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26/07/2019 Equinor Energy AS, operator of production licence 167, has completed drilling appraisal wells 16/1-30 S and 16/1-30 A.
The wells were drilled about one kilometre west of the discovery well 16/1-29 S (Lille Prinsen) in the central part of the North Sea and 200 kilometres west of Stavanger.
The discovery was proven in 2018 in the Zechstein group from the Late Permian period, as well as in the Grid formation from the Eocene. Prior to drilling the appraisal wells, the size of the discovery was between 2.5 and 5.5 million standard cubic metres (Sm3) of recoverable oil.
The earlier 16/1-6 S Verdandi oil and gas discovery, which was made in the same licence in 2003, was in the Heimdal formation in the Palaeocene and in the Grid formation in the Eocene.
The primary exploration target for well 16/1-30 S was to delimit the 16/1-29 S oil discovery and to determine the oil/water contact in the outer wedge to the south. The licensees also wanted to investigate the possibility of reservoirs in the Triassic and Jurassic.
The secondary exploration target was to delineate 16/1-6 S Verdandi for a possible oil zone in the Heimdal formation, as well as to investigate the petroleum potential in the Grid formation and to collect data in basement rock.
In the primary exploration target, the well encountered an 18-metre oil column in the Viking group from the Middle to Late Jurassic age, with sandstone layers totalling 2 metres with moderate reservoir quality. The oil/water contact was proven 1919 metres below the sea surface.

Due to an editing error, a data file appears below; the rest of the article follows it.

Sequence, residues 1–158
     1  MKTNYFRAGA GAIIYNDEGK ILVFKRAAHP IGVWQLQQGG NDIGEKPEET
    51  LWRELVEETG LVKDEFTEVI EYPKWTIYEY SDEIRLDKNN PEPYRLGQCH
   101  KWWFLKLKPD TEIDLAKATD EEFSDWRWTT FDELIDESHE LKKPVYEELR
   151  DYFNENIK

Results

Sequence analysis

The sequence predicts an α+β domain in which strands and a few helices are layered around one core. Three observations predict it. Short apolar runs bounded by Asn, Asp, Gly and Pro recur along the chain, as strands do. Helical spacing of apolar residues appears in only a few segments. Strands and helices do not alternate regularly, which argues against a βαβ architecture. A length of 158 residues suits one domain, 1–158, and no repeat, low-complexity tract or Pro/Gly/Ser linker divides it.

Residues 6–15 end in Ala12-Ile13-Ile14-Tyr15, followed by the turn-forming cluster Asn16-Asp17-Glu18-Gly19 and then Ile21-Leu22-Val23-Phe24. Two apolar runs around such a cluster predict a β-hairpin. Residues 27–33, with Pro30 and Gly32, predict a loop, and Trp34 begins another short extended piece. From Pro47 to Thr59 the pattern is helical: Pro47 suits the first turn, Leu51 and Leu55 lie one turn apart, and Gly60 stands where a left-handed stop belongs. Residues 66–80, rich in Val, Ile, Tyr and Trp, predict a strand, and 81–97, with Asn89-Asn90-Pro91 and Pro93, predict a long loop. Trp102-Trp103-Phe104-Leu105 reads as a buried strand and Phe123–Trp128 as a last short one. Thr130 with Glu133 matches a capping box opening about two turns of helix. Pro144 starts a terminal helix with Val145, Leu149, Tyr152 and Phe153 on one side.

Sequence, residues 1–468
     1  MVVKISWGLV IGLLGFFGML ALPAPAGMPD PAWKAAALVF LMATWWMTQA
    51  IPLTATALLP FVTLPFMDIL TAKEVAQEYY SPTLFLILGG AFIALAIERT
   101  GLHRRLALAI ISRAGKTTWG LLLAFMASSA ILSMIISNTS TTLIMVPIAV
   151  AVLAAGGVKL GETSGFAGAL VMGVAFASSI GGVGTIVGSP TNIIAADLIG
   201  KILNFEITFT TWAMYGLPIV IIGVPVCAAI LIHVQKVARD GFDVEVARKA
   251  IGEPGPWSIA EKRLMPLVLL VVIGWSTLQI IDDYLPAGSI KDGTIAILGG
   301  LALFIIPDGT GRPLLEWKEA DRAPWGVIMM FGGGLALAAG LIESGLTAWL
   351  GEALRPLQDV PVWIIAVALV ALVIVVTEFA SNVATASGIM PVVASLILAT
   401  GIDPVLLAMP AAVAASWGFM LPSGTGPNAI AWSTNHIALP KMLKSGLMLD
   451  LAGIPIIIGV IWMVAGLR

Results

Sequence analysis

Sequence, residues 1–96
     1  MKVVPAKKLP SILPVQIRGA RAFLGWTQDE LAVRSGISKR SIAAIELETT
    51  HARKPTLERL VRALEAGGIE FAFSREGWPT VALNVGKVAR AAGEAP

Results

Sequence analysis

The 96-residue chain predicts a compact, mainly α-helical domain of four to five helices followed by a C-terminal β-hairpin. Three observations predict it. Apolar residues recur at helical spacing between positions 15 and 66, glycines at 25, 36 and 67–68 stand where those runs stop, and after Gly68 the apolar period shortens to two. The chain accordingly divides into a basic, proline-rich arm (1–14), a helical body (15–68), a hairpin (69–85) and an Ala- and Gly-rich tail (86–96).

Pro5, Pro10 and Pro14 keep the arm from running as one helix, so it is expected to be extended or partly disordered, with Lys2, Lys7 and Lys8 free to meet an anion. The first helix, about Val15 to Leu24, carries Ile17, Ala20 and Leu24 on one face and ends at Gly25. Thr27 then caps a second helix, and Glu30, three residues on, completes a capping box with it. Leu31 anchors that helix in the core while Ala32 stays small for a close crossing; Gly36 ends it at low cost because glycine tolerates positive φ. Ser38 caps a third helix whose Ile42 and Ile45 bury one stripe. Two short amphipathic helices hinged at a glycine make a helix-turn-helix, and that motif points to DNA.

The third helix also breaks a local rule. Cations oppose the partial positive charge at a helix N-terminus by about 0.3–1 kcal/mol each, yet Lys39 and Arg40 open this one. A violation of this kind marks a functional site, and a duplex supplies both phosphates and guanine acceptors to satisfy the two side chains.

The secondary exploration target in the Heimdal formation was not encountered. In the Grid formation, the well encountered an oil column of twelve metres, with one metre of sandstone with moderate reservoir quality. Relatively dense basement rock was encountered.
The objective of well 16/1-30 A was to examine the extent of the carbonate reservoir in the Zechstein group from the Late Permian period, as well as to investigate the possibility of reservoir development in the Triassic and the Jurassic periods.
The well encountered a 15-metre oil column in the Viking group from the Middle to Late Jurassic, with sandstone layers with a total thickness of 6 metres with poor to moderate reservoir quality. Oil was proven down to 1914 metres below the sea surface.
The carbonate reservoir from the Late Permian period was not encountered. Additional volumes in the outer wedge of the 16/1-29 S (Lille Prinsen) oil discovery are estimated at between 0.2 to 1 million standard cubic metres (Sm3) of recoverable oil.
Other segments in 16/1-29 S (Lille Prinsen) will be evaluated, and further delineation of the oil discoveries is being evaluated. The licensees will also assess earlier discoveries within the licence.
These are the seventh and eighth wells in production licence 167. The licence was awarded in the 12th licensing round in 1991.
Well 16/1-30 S was drilled to a measured and vertical depth of 2101 metres and 2018 metres below the sea surface. Well 16/1-30 A was drilled to a measured and vertical depth of 2037 metres and 1952 metres below the sea surface. Water depth at the site is 113 metres. The wells have now been permanently plugged and abandoned.
The wells were not formation-tested, but extensive data acquisition and sampling have been carried out.
The wells were drilled by the West Phoenix drilling facility, which will now proceed to production licence 942 in the Norwegian Sea to drill wildcat well 6507/2-5 S, where Equinor Energy AS is the operator.